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Bug Safety

If you run an organization that holds activities outdoors, such as a camp or school, chances are your people will encounter bugs. While some insects and bugs are harmless, others can cause significant pain, injury or sickness. Church Mutual has compiled a list of bugs you should watch out for, and steps you can take to avoid them.

  • Ticks – These tiny, eight-legged bugs have flat, oval bodies that swell when they eat. They can transmit Lyme disease, but you may not even know a tick bit you until you start experiencing symptoms. Lyme disease can cause a rash and give you flu-like symptoms. Instruct your campers and students to check their bodies for ticks after they spend time in a woodsy or heavily vegetated area.
  • Kissing bugs – Kissing bug bites look like mosquito bites, but they typically make several bites in a cluster. If you are sensitive to the bug’s saliva, you may have a reaction to the bite. Usually, it is just itching and swelling, but sometimes the bite can cause an allergic reaction.
  • Wasps – While they may look like bees, wasps are more aggressive than their fellow yellow-and-white-striped insects. While bees can only sting once before they die, wasps can sting the same person repeatedly. Most wasps have thinner hair and a longer body than bees, and they are less yellow. Wasps are also more likely than bees to follow you around and seem aggressive.
  • Red fire ants – These insects have six legs and are a reddish-brown color. They inflict painful stings, which could cause an allergic reaction in some people. To avoid them, stay away from their mound nests, which are often near playgrounds, picnic tables and other outdoor structures.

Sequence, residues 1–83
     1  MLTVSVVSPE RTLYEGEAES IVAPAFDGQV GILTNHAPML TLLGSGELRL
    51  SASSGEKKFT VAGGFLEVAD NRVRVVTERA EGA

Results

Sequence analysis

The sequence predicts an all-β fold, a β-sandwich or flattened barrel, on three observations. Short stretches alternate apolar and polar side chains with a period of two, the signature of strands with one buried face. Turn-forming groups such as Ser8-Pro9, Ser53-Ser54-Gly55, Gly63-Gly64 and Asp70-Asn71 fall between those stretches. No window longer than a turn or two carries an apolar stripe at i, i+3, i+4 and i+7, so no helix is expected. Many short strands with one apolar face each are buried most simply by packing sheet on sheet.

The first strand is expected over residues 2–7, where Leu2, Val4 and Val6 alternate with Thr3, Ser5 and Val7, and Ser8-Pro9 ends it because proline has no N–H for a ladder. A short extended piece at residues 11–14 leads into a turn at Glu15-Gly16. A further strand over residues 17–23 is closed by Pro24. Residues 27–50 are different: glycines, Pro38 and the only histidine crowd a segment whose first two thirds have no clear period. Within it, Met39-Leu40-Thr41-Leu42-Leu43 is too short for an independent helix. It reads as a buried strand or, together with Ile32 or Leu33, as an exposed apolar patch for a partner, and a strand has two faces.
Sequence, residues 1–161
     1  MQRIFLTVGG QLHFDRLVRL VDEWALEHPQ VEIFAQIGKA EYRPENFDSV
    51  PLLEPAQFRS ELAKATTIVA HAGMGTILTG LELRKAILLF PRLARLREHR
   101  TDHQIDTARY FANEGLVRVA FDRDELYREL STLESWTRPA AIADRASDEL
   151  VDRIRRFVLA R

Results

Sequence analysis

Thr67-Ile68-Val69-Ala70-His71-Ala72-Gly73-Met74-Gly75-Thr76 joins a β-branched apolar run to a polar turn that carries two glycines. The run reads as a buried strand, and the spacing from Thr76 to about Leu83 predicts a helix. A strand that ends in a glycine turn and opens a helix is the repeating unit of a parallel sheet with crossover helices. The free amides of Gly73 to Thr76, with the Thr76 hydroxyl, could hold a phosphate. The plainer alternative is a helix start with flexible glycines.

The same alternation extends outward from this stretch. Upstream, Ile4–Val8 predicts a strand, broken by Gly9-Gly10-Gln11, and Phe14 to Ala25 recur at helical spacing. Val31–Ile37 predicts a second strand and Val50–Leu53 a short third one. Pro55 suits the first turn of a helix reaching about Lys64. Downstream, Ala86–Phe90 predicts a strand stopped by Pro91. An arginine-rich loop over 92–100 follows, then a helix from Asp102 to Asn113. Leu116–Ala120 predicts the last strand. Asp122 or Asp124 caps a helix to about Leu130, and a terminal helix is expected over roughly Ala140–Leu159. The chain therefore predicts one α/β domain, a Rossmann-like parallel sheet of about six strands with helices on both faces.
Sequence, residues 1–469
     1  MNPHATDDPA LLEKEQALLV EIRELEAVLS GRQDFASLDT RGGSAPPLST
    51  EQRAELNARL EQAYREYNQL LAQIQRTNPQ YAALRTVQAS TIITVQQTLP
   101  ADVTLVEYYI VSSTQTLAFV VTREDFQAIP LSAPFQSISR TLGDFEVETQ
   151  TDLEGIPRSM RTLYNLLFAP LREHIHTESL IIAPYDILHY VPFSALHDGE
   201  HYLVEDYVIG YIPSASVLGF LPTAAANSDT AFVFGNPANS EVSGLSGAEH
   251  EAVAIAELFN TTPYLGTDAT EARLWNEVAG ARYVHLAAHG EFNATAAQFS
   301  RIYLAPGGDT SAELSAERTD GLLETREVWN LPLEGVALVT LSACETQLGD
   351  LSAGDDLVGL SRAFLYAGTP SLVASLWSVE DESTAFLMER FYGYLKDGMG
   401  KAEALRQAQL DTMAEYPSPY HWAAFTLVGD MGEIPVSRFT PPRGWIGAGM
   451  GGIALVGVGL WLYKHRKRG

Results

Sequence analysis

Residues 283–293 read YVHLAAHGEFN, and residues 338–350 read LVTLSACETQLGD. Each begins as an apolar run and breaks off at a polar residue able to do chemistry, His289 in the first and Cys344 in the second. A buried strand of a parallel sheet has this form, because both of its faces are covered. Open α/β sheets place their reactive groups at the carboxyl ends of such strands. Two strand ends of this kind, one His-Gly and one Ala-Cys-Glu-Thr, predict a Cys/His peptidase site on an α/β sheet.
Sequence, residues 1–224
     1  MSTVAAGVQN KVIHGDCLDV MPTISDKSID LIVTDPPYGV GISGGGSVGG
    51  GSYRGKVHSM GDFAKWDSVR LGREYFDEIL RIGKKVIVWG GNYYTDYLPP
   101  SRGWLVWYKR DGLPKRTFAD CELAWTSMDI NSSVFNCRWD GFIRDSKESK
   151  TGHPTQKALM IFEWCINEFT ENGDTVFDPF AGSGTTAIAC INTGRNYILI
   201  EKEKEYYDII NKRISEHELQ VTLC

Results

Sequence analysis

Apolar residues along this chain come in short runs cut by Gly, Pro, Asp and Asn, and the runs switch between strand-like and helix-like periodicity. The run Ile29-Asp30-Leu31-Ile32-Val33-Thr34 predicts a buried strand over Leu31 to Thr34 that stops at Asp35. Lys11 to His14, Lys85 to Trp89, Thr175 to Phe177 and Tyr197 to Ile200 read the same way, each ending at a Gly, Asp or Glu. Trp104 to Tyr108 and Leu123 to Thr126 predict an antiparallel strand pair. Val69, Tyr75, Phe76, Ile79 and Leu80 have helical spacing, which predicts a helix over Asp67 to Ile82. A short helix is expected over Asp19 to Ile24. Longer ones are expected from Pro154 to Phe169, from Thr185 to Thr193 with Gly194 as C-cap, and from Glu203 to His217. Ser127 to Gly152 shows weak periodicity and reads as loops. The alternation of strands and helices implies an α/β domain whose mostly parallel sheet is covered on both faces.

How to keep bugs away

Instruct your campers, students, staff and volunteers to follow these precautions:

  • Avoid perfumes and scented soap. Sweet smells can attract bugs.
  • Dress appropriately in forested areas. Use insect repellant and wear long sleeves and pants, if possible. Any exposed skin is an opportunity for a bug to bite you.
  • Avoid wearing bright clothing. Bright, flowery prints attract bugs such as bees and hornets.
  • Stay away from stagnant water, such as swampy areas. Insects like to congregate around bodies of water.
  • Know the signs of an allergic reaction to a bite. Such reaction could include rash, extreme itchiness, swelling of the face and other body parts, difficulty breathing, vomiting or lightheadedness.
  • Treat insect bites right away. For bites that are red or raised, you can try applying an ice pack for 10-15 minutes several times a day and taking Benadryl.

For more outdoor safety tips, visit Church Mutual’s Safety Resources for Camps and Conference Centers.